Fall in the Rose Garden

By Cathy Walworth

Blaze rose and mock orange compete for attention over the fence.

It's time to do nothing in the rose garden. Well, practically nothing, anyway. We have seen the trials of early frosts, bugs, blights, and unbearable heat. We have seen the first, beautiful, breathtakingly big blooms of summer. And now we marvel at the smaller, but perfect last roses of summer. Relax and enjoy.

Fall Rose Care Means Few Cares

Roses, like everything else in the garden, have noticed our shortened days and cooler, longer nights. That's their first clue that winter is coming. It's time to shut down for the season.

If roses grew out in the wild, they also would be aware of lessening rainfall right about now. So mimic nature: Cut down your watering to about every 10 days. Water deeply, but less frequently. When roses realize that Old Man Winter is on his way, they harden up their outer bark and send out their own brand of antifreeze to the canes. Giving them less water now helps them do that.

You should make your very last cuts about the first of October. No pruning beyond then at all. Not even deadheading. Remember that every cut you make encourages new growth and that's the last thing you want right now. Any new, tender growth will be nipped by the first frost.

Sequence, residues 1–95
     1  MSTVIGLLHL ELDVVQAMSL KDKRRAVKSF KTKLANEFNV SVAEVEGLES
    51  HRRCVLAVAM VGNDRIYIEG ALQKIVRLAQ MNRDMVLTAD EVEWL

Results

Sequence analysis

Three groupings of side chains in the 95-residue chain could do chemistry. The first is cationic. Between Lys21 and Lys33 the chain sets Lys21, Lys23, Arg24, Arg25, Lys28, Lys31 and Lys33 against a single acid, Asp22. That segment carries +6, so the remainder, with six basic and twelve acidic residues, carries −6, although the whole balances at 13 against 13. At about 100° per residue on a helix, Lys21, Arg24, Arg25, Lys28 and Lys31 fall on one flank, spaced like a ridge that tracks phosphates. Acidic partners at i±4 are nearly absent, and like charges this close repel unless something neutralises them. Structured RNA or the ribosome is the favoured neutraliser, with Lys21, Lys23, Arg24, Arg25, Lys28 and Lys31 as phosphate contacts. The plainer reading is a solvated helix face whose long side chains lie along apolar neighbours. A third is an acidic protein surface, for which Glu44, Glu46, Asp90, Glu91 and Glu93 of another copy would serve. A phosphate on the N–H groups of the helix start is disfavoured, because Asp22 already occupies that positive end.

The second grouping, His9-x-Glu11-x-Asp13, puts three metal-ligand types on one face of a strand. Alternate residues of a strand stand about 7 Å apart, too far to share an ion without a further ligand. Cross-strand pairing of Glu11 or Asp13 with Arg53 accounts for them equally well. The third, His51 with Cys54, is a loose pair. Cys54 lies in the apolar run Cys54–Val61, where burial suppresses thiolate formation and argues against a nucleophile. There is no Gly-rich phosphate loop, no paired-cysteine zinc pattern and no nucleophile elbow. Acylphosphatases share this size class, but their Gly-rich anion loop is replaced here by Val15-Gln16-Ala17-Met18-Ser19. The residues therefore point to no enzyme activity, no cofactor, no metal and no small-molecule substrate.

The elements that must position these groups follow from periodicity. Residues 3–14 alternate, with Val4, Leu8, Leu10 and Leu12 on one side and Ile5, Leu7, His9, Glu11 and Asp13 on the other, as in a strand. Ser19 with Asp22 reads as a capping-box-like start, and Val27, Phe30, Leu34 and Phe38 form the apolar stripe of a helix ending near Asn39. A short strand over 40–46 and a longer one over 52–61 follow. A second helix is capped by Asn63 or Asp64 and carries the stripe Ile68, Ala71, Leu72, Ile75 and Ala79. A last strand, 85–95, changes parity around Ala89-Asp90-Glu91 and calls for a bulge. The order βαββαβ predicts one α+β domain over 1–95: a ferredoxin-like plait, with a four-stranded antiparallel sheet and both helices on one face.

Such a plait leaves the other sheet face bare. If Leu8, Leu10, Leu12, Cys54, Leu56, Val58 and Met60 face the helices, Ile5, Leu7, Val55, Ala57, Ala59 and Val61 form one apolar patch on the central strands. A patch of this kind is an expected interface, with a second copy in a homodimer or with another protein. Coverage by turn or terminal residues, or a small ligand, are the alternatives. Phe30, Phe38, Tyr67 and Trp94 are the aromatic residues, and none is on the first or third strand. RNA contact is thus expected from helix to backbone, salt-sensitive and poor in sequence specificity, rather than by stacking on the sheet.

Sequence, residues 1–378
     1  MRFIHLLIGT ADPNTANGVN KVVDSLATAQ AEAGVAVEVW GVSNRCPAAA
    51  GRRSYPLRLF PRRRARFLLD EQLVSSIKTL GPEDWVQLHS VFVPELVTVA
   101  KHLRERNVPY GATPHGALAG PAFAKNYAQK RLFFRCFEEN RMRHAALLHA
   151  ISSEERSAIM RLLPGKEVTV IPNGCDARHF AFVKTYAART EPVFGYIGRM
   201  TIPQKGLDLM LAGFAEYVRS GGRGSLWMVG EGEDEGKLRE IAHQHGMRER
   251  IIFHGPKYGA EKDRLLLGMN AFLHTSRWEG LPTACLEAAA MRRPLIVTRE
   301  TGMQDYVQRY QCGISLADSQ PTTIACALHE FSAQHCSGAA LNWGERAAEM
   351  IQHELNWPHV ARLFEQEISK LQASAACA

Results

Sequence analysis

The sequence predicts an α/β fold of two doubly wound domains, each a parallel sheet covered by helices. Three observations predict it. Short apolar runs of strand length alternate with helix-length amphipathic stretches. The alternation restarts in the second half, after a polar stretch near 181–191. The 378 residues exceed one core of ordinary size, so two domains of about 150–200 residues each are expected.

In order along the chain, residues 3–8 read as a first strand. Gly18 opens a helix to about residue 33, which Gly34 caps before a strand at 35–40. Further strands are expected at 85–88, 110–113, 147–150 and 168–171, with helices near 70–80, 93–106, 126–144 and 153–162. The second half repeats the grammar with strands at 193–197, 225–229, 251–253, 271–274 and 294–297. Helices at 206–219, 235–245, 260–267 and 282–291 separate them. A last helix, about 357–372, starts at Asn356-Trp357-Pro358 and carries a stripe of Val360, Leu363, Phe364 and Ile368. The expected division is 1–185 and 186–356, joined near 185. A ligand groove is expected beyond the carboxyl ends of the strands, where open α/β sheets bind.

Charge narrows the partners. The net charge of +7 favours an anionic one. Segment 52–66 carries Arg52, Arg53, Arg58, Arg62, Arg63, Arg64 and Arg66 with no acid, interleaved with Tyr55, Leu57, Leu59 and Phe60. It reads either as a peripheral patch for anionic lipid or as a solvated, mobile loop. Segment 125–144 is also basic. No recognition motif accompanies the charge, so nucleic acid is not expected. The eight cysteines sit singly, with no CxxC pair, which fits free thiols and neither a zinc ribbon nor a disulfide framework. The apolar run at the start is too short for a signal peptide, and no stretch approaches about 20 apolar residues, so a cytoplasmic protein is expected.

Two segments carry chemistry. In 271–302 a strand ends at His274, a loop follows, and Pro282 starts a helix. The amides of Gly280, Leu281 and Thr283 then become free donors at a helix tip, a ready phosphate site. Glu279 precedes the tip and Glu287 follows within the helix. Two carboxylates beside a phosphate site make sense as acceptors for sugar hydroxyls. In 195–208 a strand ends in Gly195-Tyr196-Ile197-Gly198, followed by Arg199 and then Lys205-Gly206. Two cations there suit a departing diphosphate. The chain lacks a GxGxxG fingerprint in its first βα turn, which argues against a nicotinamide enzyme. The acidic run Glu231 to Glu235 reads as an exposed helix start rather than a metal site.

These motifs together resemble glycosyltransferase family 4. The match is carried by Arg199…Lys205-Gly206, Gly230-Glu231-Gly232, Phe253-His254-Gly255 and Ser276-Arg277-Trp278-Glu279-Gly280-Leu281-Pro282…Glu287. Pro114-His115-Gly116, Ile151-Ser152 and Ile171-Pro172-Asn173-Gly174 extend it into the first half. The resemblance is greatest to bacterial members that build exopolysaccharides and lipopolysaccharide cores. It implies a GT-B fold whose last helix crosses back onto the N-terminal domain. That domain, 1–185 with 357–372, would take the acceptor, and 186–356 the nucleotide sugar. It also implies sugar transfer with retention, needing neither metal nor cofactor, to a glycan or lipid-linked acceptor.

Cut your last, perfect roses for drying or the dining room table, then put the pruners in a safe place, where you won't be tempted to use them for a while.

Fall Brings Change

Left alone, roses will bring a different kind of beauty in fall: brilliantly colored hips. These are their seedpods. Let the leaves drop off and the seed pods decorate the rose garden. If you haven't used a systemic insecticide, try making tea or jelly with rose hips later. They're very high in vitamin C.

Black spot Still Lurks

One drawback of fall is the ever-present black spot fungus. There's a better chance of seeing it now than any time of year. Make sure you don't wet leaves when you water, and keep up a preventive spray program to discourage fungal spores from overwintering in your garden. Also, rake up and remove all leaves under the plants, and after the leaves fall, pick off and discard any leaves that cling to the branches.

Now sit, and smile. Sip your tea as you admire the last, most perfect roses of the summer.

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